Rise of MLS-affiliated ‘lower league’ is a win-win for players, teams

Dom Dwyer, center, celebrates with his Sporting Kansas City teammates after scoring against the Montreal Impact during second half on June 25, 2016.
(Graham Hughes / Associated Press)
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Dom Dwyer is a 26-year-old forward with national team aspirations and a Western Conference-best 50 goals over the last three MLS seasons. Yet he says his career in the U.S. may have ended after a brief four-minute appearance if not for a league many casual soccer fans know little about.

“I might not have gotten a chance in the MLS. And that’s really what it’s about,” said Dwyer, who grudgingly accepted a demotion to the Orlando City of the third-tier United Soccer League after playing just one MLS game as a rookie for Sporting Kansas City.

Richie Marquez tells a similar story. A four-year starter at the tiny University of Redlands, Marquez struggled with the huge step up in competition after being drafted by Philadelphia in the 2014 MLS SuperDraft. So the Union loaned him to the Harrisburg City Islanders of the USL, where Marquez led the league in minutes played while leading the Islanders to the league championship game.


He’s been a stalwart in central defense for the Union ever since.

“I needed that year,” Marquez said of his USL season. “I was able to build my confidence and work on things I never worked on. Maybe I wouldn’t be in the league, where I’m at right now, without the USL.”

USL President Jake Edwards, whose league begins its 2017 season next month, appreciates the compliment. But the USL, which formed in 2011 after the first and second divisions of old USL merged, is much more than just a minor-league affiliate of MLS. Over the past six years it has doubled in size, to 30 teams in 20 states and two Canadian provinces, making it the biggest soccer league in North America. And in January it was sanctioned as a Division II league, ranking behind only MLS on the U.S. soccer pyramid.

“Our vision,” Edwards wrote in an e-mail interview, “is to be the most globally recognized and successful Division II league in the world. We believe we have developed a stable model as a league that will allow us to unite passionate soccer fans with a proven professional soccer experience.”

The USL might still be struggling for relevance and a foothold in the national sporting landscape if not for a 2013 agreement in which the league, then known as USL Pro, replaced the MLS reserve league as a primary developer of MLS talent. Under the agreement, MLS clubs would partner with USL teams, loaning at least four players to each affiliate.

A year later the Galaxy took that a step further by launching its own USL outfit. This season 10 USL teams will be owned or operated by MLS franchises while another 12 will have affiliate relationships — among them the newly minted Orange County Blues, which is paired with the fledgling Los Angeles FC, an expansion club that begins MLS play in 2018.

“We don’t have a set number for expansion at this time,” Edwards said. The league, which added three teams this year (Reno, Nev., Ottawa and Tampa Bay), will add a Nashville franchise next spring and is vetting applicants in Northern Virginia and Baltimore.


The USL partnership helps MLS teams by allowing them to sign or loan players to their lower-league affiliates, who in turn provide regular playing time in a competitive environment, in much the same way Major League Baseball franchises farm their young players to minor league teams. But the agreement also benefits the USL by providing it with a steady stream of talent that might otherwise have gone to the NASL, another Division II professional league with eight teams in the U.S., Canada and Puerto Rico.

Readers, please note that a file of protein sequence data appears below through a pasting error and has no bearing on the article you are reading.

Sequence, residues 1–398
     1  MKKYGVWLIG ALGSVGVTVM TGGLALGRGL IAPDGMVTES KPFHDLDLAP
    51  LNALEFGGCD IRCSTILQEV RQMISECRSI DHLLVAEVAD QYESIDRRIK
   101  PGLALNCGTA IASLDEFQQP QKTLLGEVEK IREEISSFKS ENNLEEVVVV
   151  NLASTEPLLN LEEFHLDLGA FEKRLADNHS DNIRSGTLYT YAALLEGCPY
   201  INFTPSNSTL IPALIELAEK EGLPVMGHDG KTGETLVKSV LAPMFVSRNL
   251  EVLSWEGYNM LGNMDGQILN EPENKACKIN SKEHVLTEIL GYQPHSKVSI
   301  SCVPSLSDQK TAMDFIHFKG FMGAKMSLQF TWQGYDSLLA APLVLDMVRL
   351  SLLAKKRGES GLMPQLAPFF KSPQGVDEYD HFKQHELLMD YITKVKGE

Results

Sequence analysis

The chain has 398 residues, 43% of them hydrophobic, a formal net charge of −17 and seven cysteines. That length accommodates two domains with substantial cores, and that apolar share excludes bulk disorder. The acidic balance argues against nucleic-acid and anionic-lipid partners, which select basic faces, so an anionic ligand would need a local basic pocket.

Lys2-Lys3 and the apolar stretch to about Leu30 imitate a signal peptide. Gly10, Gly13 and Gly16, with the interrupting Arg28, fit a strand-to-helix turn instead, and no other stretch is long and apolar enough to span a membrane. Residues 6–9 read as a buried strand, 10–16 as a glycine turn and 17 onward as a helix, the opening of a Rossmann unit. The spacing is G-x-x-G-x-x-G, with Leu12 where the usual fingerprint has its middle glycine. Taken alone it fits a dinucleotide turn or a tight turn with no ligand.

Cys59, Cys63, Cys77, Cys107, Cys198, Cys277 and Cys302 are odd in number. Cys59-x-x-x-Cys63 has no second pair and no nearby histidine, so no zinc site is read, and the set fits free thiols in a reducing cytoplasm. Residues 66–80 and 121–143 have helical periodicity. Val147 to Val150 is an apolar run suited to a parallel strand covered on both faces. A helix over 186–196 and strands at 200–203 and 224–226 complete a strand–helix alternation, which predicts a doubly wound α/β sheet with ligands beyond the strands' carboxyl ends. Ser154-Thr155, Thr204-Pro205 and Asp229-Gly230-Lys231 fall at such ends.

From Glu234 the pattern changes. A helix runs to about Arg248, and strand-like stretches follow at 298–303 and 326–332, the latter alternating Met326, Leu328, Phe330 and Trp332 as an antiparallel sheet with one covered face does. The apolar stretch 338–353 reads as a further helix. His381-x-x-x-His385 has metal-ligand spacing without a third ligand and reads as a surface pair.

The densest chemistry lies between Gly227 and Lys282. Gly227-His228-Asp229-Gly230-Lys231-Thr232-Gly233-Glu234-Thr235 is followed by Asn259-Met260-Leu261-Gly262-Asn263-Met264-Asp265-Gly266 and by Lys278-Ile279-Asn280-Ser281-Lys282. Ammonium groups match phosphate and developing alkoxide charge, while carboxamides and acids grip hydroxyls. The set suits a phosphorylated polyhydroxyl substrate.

Ten players on the U.S. U-20 national team are USL players while more than 60 others have international experience. And several dozen more will shuttle to the USL from their MLS clubs this season; last year, for example, 12 players appeared in games for both the Galaxy and Galaxy II.

“We have an excellent relationship with MLS and it has currently helped in the overall growth of our league,” Edwards said. “If you look at the most successful franchises in MLS over the past couple of years — Orlando, Portland, Seattle, Toronto — they all have one thing in common: they were successful USL teams. They built their fan base and program in the USL.”

Some teams built their coaching staffs there as well. The Galaxy’s new staff includes three men promoted from Galaxy II, among them Curt Onalfo, who had two head coaching trials in MLS before coming to the Galaxy to run the reserve league team that eventually became Galaxy II, the team’s USL franchise.

“It was a situation where I was able to help develop players for this organization and at the same time continue to develop myself as a coach,” said Onalfo, who replaced Bruce Arena as Galaxy coach in December

Other MLS coaches who gained experience in the USL or its precursor include Minnesota’s Adrian Heath, Houston’s Wilmer Cabrera and Brian Schmetzer, who won an MLS Cup last season after taking over the Seattle Sounders at midseason.


“The USL is … where players and technical staff can gain valuable professional experience,” Edwards said.

That’s something Dwyer learned the hard way. A first-round draft pick, he made one brief MLS appearance for Sporting Kansas City in his first season before being sent to the USL at the start of his second year. In half a season there, he broke the league’s single-season scoring record, earning a call-in to Kansas City and an eventual starting spot in the MLS Cup final.

“It’s a humbling experience to go down to a lower league,” said Dwyer, who originally fought the reassignment. “But it was the best thing for my career. You need games as a player.

“If you’re sitting on the bench you can’t get better.”

Twitter: kbaxter11